Wednesday, August 5, 2015

Notes from an Innkeeper: The Transformation of Thomas' Room

Welcome to our new series, Notes from an Innkeeper, which will include a behind-the-scenes view of the inn, room by room with information you can use for your own home decorating projects. It will feature paint colors, furniture and decor sources, our favorite antique discoveries, project tips, and more. If there is anything you've ever wondered about our interiors - just let us know in the comments  or on Facebook. We look forward to journeying through the inn with you and reminiscing about its transformation over the last twenty years. Keep in mind that we are always making updates, so the photos below are from different time periods with decorating elements that have changed since they were originally shot. Please don't be surprised to see different looks in each room upon arrival, as part of the fun is keeping things fresh and interesting. First up...

Thomas' Room in the Main House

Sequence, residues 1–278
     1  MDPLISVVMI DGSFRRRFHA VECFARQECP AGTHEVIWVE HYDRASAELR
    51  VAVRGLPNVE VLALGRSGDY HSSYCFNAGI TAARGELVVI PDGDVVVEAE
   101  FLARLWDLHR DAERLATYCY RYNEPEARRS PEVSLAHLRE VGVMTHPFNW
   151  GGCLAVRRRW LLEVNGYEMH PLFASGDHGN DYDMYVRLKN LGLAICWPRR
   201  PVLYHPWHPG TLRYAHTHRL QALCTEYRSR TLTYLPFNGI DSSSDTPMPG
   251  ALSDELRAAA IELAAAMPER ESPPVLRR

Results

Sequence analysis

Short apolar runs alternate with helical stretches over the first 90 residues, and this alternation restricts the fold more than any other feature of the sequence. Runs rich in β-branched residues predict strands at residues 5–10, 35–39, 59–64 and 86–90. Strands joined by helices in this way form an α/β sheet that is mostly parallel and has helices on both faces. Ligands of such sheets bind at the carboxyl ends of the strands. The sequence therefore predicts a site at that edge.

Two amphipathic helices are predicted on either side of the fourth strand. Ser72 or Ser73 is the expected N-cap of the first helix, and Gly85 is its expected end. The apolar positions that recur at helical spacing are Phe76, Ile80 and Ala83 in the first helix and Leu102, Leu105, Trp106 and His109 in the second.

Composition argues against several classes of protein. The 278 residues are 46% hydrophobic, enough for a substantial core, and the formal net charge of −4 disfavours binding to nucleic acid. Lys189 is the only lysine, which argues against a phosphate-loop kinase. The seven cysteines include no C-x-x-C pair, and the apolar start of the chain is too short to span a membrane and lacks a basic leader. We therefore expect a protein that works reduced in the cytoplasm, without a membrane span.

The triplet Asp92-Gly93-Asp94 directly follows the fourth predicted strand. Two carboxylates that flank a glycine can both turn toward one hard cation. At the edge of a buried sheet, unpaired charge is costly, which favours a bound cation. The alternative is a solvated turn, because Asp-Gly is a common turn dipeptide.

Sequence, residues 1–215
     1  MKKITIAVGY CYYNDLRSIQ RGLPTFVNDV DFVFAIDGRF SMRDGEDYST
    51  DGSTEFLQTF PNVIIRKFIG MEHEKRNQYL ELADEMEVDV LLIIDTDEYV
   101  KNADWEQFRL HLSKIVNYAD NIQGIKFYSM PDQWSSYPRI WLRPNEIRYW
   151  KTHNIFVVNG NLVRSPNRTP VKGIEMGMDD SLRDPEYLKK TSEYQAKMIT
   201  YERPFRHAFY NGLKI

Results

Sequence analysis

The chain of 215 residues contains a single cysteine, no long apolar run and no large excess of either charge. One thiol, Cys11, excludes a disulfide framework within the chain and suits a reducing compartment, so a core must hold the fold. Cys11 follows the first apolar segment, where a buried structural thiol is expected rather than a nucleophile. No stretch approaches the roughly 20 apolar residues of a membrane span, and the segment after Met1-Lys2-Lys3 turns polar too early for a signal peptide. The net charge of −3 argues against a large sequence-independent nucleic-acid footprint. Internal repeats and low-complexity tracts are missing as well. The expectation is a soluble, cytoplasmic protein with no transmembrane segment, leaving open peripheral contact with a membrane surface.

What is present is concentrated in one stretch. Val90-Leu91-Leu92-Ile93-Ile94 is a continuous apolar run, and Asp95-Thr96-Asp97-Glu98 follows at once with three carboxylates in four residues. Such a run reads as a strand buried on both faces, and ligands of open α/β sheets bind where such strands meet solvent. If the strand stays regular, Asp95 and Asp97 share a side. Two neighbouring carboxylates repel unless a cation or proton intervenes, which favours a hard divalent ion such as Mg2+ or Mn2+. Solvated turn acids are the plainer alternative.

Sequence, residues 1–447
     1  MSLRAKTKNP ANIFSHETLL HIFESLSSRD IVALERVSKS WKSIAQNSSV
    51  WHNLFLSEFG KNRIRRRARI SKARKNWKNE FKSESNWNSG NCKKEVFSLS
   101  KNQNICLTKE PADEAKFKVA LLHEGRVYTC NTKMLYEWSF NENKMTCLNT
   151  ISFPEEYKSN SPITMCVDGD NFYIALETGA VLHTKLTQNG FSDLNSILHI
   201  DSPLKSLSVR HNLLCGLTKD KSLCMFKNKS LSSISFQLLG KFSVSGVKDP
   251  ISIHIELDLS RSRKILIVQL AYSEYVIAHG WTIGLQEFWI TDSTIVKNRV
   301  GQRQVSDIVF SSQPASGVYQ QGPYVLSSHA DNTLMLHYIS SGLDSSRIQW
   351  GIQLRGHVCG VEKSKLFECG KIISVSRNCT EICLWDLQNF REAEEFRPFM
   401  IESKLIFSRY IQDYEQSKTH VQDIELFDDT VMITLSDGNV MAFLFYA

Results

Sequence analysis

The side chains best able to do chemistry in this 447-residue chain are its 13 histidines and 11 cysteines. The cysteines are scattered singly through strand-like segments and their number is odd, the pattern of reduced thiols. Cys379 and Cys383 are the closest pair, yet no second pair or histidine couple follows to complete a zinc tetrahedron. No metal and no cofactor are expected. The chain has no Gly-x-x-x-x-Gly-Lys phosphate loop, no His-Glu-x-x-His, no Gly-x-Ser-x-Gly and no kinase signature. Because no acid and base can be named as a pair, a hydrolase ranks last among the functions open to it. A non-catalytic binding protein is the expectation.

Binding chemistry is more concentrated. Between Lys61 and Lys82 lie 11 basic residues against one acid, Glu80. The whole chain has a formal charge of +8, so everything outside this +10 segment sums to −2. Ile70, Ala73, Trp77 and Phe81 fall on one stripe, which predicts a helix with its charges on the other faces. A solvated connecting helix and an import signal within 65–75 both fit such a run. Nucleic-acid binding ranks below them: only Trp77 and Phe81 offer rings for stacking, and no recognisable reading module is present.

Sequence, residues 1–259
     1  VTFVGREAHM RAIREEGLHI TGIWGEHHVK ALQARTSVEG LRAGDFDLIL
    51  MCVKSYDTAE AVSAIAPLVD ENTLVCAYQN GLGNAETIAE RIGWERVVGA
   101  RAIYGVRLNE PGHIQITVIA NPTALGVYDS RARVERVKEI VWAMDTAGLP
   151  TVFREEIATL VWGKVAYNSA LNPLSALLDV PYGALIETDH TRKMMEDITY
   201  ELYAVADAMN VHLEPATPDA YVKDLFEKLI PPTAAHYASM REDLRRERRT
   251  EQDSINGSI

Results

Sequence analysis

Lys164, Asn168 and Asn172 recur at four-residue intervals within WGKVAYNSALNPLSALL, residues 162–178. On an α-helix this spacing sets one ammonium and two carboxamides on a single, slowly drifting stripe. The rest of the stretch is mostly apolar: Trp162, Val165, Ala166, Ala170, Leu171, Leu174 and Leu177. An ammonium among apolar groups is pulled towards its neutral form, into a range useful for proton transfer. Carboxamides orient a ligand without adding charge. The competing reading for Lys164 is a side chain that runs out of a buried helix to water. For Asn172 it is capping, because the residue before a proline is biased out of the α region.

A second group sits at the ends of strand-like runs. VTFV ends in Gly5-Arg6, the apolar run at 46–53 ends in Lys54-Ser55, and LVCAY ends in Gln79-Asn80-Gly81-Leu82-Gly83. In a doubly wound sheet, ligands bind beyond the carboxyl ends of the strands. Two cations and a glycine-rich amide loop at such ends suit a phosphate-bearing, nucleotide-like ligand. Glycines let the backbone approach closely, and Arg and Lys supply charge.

If you've flipped through our photo books in the dining room you might recall that the Main House was built sometime in the 1830s by Willis Graves, a prominent political figure in county government at the time who served as county clerk during the new century's early decades. He built an attractive federal brick home that featured Flemish bond brickwork and federal style mantels. The backstory of our purchase is also published on our website: "For many years, Nancy and Bob routinely passed the home on their way to the Burlington Antique Show at the Boone County Fairgrounds. By then, the house was sporting dirty, white siding and a hip roof over the front porch. One day a 'For Sale' sign appeared in the yard and they took a closer look. In December of 1991, the Swartzels bought the property and began renovation under the direction of Master-carpenter Bob Brames. Brames and his wife Jean (who are also Nancy's parents) worked with Nancy and Bob as they all poured sweat and determination into the project." The two hard-working Bobs...